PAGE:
Over the last month, there has been a significant increase of immigrant children attempting to cross into the United States by way of South Texas and the Rio Grande Valley. With such an increase, hundreds of children have been sent to other southwest states in order to be processed. Once a child has been processed, they are typically released to a relative and are told to report back when it is time for their immigration hearing. However, with such a high number of children needing to go before an immigration judge, the courts are more crowded than ever.
In a recent story posted on The Wall Street Journal's website, the writers take a look at how current immigration cases involving children are being handled. One finding that resulted from their investigation was that many of these children will end up remaining in the U.S. When you look at data from immigration courts and compare that with interviews conducted with undocumented immigrant children and their advocates, you will come to the realization that “few minors are sent home and many are able to stay for years in the U.S., if not permanently.”
So, what does that mean for immigration enforcement and policy? Critics of President Obama's immigration policies were already unhappy with the current administration's stance on the subject, but since the surge in unaccompanied minors attempting to come to the U.S. began, criticism has increased dramatically.
In previous years, there have been a good number of undocumented children who began removal proceedings and an additional group who voluntarily returned home and thus avoided a formal removal order. In fiscal year 2013, there were “3,535 migrant children to be deported” and another 888 opted for voluntary removal.
While those numbers do not appear to be insignificant, they actually are quite small compared with the data collected as to how many children are actually apprehended at the border by Border Patrol agents. Over the last five years, there have been a minimum of 23,000 and a maximum of 47,000 minors apprehended each year. To be clear, these numbers include Mexican children who are not required to receive a formal immigration hearing before being deported. Many of these children are sent home to Mexico shortly after being processed.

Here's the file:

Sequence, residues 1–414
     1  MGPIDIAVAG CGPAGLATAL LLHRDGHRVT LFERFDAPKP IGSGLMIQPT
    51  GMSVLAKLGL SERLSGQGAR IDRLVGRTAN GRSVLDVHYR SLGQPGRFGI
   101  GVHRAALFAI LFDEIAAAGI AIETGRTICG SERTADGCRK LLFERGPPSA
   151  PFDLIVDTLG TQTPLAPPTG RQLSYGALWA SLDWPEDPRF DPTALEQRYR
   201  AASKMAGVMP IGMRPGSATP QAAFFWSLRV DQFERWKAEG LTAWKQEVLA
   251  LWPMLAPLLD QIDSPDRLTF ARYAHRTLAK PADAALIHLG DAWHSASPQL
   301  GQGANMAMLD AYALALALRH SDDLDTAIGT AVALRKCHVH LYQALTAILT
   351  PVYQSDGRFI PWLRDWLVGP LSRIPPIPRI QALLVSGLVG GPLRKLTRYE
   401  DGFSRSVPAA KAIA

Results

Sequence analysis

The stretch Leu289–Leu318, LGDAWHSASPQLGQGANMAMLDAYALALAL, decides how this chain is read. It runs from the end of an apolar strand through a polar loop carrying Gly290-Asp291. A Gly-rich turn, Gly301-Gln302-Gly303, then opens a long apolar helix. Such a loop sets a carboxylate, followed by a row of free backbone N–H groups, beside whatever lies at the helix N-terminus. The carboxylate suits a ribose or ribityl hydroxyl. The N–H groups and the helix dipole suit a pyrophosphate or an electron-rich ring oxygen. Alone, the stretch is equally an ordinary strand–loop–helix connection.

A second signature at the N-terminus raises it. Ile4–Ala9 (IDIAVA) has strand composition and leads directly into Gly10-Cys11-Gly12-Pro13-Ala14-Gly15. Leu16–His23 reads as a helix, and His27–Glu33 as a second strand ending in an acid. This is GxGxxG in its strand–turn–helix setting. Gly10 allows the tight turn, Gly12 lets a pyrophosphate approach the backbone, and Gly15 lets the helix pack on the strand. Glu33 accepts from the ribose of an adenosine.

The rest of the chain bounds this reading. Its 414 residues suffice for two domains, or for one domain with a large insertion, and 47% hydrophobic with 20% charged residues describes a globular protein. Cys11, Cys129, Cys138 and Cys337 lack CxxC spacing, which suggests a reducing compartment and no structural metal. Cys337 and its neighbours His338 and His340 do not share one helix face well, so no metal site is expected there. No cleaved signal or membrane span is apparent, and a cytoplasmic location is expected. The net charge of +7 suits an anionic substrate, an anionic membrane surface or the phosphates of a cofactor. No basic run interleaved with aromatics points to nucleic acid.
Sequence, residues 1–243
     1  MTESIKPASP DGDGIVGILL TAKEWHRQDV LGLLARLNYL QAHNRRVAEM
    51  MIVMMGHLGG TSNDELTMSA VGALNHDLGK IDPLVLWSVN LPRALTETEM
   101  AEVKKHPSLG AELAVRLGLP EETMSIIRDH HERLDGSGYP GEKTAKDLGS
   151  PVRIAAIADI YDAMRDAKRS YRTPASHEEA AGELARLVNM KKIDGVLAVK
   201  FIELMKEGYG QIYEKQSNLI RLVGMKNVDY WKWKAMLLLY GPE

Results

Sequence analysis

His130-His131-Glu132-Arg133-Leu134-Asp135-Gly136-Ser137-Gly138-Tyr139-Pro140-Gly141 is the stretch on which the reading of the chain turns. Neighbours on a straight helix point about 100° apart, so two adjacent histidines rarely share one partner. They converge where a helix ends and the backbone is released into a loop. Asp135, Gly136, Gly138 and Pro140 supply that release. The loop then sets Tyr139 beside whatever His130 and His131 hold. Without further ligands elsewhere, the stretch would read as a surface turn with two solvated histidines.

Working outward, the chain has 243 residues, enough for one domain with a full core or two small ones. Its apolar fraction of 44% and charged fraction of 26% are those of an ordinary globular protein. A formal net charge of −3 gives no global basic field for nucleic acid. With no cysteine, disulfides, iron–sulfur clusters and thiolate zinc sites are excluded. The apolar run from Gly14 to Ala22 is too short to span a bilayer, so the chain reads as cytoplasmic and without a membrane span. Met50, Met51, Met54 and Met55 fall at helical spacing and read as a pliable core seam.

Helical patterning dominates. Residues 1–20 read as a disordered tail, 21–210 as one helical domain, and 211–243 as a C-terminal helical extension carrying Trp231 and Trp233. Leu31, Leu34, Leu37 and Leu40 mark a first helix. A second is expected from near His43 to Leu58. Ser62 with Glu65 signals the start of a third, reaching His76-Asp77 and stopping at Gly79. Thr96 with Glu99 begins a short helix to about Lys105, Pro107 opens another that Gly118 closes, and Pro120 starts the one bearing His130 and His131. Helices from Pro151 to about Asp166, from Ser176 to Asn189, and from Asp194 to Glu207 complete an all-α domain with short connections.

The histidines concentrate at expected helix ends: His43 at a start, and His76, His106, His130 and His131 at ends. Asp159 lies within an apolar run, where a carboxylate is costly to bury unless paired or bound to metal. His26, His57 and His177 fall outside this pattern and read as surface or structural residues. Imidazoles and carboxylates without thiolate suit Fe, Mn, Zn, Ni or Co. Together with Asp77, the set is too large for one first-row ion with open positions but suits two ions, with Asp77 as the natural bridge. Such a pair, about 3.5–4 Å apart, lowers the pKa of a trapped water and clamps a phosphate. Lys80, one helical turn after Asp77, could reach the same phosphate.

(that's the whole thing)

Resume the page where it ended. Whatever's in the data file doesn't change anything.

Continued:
There is more than one reason as to why so many of these immigrant children end up staying in the United States. These reasons can include:
(1) Being afforded the legal right to stay in the country;
(2) Having their case get tied up in overwhelmed courts or other administrative proceedings; or
(3) They simply choose not to appear in court for their hearing.
According to reports, last fiscal year, decisions were made by immigration judges in relation to 6,437 child cases. Of those, about two-thirds of the children voluntarily left the U.S. or were ordered to be deported, and others were given legal status. In the remaining cases, judges ended the proceedings. Typically, when this happened, the “child wasn't ordered out of the U.S. but wasn't given explicit permission to stay, either.”
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